Posts Tagged ‘fight club


Under the Cinematic Influence: 15 Contemporary Films That Swayed Society

Most of us have heard the tales about how people stopped showering after watching, “Psycho,” or that “Jaws,” gave a reason for not going near the water. In the spirit of films influencing people and pop culture, here is my list of contemporary films that have done just that.


Scarface (1983) – This Brian DePalma film was popular but stayed on the undercurrent… until the late Nineties when gangsta rappers cited it as their main movie influence. Now you can’t go anywhere without seeing a Tony Montoya t-shirt, hat, poster, or used DVD.


Roger & Me (1989) – In the late Eighties, nobody knew who Michael Moore was (aside from the residents of Flynt, Michigan). Spending $25,000 and filming over the course of 3 years, Moore took on the task of trying to confront then GM CEO Roger Smith in order to find out why GM pulled out of their hometown. The film made $25 million and Moore has since gone on to cover topics such as healthcare, guns, and the war in Iraq, as well as becoming a target for Right Wing Conservatives. His “documentary” filmmaking approach has changed how we view the information we receive, as well as how documentaries are done. Note: So has Ken Burns.


Boyz in the Hood (1991) – The first film from director John Singleton has influenced many directors and became a staple for film. A story of childhood friends growing up in the L.A. ghetto, it went on to be nominated for 2 Oscars and has won several awards.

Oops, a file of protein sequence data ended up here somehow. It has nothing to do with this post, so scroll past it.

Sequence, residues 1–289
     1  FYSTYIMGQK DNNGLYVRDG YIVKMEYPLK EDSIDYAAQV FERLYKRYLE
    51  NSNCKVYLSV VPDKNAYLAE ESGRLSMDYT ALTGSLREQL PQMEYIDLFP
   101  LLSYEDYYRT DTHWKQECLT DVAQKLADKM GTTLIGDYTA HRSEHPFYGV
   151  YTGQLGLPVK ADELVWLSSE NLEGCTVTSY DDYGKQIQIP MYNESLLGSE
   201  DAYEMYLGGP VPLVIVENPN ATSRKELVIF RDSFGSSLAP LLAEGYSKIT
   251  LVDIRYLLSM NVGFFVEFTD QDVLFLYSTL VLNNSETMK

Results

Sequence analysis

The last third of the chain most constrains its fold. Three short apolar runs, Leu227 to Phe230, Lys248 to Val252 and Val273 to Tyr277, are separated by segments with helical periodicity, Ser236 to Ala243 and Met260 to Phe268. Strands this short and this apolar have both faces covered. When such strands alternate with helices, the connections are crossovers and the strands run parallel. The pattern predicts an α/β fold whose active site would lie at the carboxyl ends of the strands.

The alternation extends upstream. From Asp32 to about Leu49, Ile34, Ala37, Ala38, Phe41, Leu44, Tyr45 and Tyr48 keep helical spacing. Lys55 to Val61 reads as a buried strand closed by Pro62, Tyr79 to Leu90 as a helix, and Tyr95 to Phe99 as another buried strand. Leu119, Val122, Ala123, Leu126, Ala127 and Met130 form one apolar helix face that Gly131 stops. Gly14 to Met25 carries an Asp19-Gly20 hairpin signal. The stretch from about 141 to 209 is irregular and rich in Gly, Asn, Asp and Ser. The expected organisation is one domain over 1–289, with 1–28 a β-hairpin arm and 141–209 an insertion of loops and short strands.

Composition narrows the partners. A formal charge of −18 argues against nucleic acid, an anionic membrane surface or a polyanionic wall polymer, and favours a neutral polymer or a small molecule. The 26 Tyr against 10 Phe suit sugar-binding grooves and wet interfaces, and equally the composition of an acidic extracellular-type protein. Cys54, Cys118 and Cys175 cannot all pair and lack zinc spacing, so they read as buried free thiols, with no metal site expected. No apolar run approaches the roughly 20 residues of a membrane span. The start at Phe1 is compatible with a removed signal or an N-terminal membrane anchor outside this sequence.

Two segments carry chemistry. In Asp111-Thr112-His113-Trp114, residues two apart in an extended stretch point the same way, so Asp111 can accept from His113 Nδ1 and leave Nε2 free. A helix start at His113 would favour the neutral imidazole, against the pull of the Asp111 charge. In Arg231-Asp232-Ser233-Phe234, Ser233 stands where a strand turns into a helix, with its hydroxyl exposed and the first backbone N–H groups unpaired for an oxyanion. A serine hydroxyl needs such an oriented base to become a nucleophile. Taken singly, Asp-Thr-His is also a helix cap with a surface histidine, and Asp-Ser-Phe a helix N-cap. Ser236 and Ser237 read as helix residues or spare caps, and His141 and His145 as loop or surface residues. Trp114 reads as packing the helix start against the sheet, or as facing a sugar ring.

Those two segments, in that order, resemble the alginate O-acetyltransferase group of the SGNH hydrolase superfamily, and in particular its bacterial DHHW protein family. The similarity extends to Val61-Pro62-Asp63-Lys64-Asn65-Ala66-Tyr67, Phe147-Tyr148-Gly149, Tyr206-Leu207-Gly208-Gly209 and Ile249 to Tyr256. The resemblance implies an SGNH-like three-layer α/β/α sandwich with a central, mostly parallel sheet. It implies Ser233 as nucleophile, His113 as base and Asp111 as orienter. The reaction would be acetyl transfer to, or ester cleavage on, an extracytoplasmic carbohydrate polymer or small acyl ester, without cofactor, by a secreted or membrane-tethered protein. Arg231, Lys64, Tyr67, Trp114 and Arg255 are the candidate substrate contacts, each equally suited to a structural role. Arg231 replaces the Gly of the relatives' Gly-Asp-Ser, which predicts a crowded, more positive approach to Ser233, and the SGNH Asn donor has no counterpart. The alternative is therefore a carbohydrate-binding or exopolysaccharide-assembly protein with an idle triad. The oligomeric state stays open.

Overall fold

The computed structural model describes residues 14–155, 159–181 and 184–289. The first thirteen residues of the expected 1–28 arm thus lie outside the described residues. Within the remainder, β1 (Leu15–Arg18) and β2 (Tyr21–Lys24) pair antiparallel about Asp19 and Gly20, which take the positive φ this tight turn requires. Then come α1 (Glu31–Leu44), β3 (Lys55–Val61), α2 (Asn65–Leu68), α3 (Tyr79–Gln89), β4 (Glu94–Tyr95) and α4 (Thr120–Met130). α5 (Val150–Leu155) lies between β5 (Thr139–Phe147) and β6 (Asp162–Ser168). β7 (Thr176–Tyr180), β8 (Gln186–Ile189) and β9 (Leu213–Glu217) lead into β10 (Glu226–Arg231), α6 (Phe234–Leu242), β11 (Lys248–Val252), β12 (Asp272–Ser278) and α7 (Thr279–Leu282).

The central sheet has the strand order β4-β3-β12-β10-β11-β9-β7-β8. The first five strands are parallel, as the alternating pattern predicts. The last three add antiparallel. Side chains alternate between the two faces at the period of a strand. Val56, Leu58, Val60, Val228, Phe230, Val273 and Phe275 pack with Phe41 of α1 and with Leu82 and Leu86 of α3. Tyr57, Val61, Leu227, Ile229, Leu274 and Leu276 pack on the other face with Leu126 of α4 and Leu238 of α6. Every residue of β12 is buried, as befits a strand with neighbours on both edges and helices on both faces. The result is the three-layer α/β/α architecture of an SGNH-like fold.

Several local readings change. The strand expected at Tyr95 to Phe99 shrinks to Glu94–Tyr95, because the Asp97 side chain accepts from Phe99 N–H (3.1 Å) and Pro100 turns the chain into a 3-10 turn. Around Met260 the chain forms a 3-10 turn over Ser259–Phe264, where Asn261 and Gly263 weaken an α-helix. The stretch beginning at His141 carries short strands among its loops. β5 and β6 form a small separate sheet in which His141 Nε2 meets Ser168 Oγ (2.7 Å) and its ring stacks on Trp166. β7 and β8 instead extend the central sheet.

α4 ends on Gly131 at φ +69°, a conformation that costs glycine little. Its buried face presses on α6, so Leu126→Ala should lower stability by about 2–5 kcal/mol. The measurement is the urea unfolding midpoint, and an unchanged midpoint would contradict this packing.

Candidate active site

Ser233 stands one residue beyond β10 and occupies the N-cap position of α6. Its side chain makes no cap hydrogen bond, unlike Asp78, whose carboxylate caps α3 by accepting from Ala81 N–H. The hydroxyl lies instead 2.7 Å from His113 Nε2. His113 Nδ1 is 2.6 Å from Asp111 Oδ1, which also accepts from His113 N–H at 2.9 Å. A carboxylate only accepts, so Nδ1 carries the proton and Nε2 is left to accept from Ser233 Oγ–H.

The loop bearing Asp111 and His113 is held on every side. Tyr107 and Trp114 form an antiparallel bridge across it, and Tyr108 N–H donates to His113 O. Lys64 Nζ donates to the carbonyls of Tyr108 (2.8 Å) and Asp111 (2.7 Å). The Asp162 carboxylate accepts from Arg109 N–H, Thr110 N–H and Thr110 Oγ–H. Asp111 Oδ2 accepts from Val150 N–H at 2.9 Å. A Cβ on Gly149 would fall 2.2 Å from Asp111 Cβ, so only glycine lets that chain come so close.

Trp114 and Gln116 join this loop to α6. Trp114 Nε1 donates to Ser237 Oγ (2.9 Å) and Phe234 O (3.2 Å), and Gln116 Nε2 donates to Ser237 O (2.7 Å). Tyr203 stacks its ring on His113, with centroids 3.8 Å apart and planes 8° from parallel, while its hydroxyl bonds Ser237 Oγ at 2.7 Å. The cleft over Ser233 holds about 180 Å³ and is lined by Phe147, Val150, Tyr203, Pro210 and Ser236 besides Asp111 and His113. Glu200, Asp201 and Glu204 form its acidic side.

JFK (1991) – Oliver Stone’s paranoid take on the Kennedy assassination. Before the “X-Files” tapped on the pulse of culture’s distrust of government, “JFK” delivered the “back and to the left” Zapruder film. So much was stirred-up over what the government did and did not know about the event that it led to the Freedom of Information Act. Now if we can only get the truth on Roswell.


Terminator 2: Judgment Day (1991) – “I need your clothes, your boots, and your motorcycle.” Arnie returned in 1991 as the Terminator, but this time he was protecting John Connor. I’m mentioning this one for its groundbreaking special effects; notably “morphing,” which continued on for a few years. Also gave us: “Hasta la vista, baby.”


The Lawnmower Man (1992) – Aside from inspiring a sequel, this movie was the first to delve into the idea of “virtual reality.” This led to other movies and even a TV series called, “VR5.” While the need for VR goggles has passed, it was a cornerstone of the history of the 1990’s.


Forrest Gump (1994) – The film that oozed pop culture. The title character was played by Tom Hanks and we observed as the village idiot wove through time from the 1950’s to the late 1980’s, supported by one of the largest soundtracks in film history. Spawned Gump restaurants and the saying, “Life is like a box of chocolates,” and began the career of Haley Joel Osment. I also mention this movie because it began the technical achievement of blending current actors within older footage (per se, Forrest meeting Kennedy).


Scream (1996) – Wes Craven, the creator of Freddy Kruger, made a satire horror film. It caught on and spawned sequels and even the “Scary Movie” franchise. Also, the “scream” killer face is now part of Halloween culture. Useless trivia: “Scary Movie” was the title that “Scream” was shot under.